Google board tells shareholders not to resist censorship

Google's board of directors has recommended that shareholders vote down a proposal requiring it to legally resist government censorship efforts and to notify users when the company is told by governments to censor search results.

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Google's board of directors has recommended that shareholders vote down a proposal requiring it to legally resist government censorship efforts and to notify users when the company is told by governments to censor search results.

The proposal was submitted by shareholders, including pension funds, that hold 486,617 shares of Google stock, a stake worth about $228m (£114m). It is due to be discussed at the company’s AGM next week.

Censorship has been a sore point for Google. The company – with its "don't be evil" corporate mantra - was widely criticised last year for launching a Chinese search engine that censored results. Chief executive Eric Schmidt defended the decision to launch the Google.cn search engine, saying the company had weighed the pros and cons of censorship.

"We concluded that although we weren't wild about the restrictions, it was even worse to not try to serve those users at all," Schmidt said, speaking at the 2006 World Economic Forum in Davos, Switzerland. "We actually did an evil scale and decided not to serve at all was worse evil."

The shareholders’ proposal argues that the freedom to access information on the internet is guaranteed by the UN Universal Declaration of Human Rights.

"Technology companies in the United States such as Google, that operate in countries controlled by authoritarian governments have an obligation to comply with the principles of the United Nations Declaration of Human Rights," the proposal says, citing Belarus, Burma, China, Cuba, Egypt, Iran, North Korea, Saudi Arabia, Syria, Tunisia, Turkmenistan, Uzbekistan and Vietnam as countries where governments restrict access to internet content.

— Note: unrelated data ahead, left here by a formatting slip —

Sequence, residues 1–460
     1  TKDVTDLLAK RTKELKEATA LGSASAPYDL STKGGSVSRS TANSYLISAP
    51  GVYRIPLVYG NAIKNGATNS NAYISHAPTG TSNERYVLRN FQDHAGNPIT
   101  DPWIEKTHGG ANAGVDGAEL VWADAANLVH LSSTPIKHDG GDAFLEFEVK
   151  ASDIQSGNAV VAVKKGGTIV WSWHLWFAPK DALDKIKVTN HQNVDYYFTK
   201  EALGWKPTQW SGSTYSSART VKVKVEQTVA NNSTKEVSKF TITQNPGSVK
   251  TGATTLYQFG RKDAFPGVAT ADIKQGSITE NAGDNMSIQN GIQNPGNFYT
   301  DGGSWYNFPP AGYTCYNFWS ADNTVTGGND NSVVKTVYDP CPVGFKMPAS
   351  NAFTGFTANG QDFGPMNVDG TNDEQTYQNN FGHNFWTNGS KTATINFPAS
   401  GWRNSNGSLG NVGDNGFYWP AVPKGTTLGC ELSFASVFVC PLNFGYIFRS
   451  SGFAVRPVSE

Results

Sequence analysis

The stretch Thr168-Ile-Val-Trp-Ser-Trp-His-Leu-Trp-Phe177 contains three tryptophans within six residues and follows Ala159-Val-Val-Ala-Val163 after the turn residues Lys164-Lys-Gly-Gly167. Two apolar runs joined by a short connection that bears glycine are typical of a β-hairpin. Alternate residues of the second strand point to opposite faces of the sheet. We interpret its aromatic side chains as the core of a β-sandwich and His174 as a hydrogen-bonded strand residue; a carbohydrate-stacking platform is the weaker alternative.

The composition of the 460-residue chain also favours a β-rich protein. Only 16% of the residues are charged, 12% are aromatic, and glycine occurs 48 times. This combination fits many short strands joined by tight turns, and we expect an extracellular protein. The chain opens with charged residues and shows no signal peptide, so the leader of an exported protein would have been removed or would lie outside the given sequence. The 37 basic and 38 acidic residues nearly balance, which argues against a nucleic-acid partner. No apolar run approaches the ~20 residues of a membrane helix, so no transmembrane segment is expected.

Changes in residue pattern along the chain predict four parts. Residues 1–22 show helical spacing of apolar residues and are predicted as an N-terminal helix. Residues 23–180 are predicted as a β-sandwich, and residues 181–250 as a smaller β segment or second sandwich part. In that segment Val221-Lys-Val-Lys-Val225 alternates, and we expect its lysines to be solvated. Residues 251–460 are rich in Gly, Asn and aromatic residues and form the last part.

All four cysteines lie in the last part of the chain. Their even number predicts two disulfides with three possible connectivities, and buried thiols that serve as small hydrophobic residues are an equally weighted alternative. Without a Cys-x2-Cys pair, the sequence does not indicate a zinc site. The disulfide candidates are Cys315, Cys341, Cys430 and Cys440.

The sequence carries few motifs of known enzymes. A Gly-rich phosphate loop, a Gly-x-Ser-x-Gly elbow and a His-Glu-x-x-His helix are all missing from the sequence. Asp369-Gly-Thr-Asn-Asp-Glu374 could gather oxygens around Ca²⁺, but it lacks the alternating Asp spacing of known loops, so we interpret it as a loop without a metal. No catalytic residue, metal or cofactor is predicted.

It sets out proposed policies for Google, aimed at protecting freedom of information on the internet. These include: not hosting user data in countries where political speech can be considered a crime, not engaging in proactive censorship, using legal means to avoid censorship and only censoring information when required by legally binding procedures, informing users when agreeing to a government censorship request, educating users about Google's data retention policies, and making public information about all legal censorship requests that Google complies with.

The proposal is not expected to be carried. Schmidt and Google founders Larry Page and Sergey Brin together hold 66.2% of the company's total shareholder voting power, according to a filing with the US Securities and Exchange Commission. All three are members of the board of directors, which has recommended that shareholders vote against the proposal.

The board did not offer a reason why shareholders should vote against the proposal.

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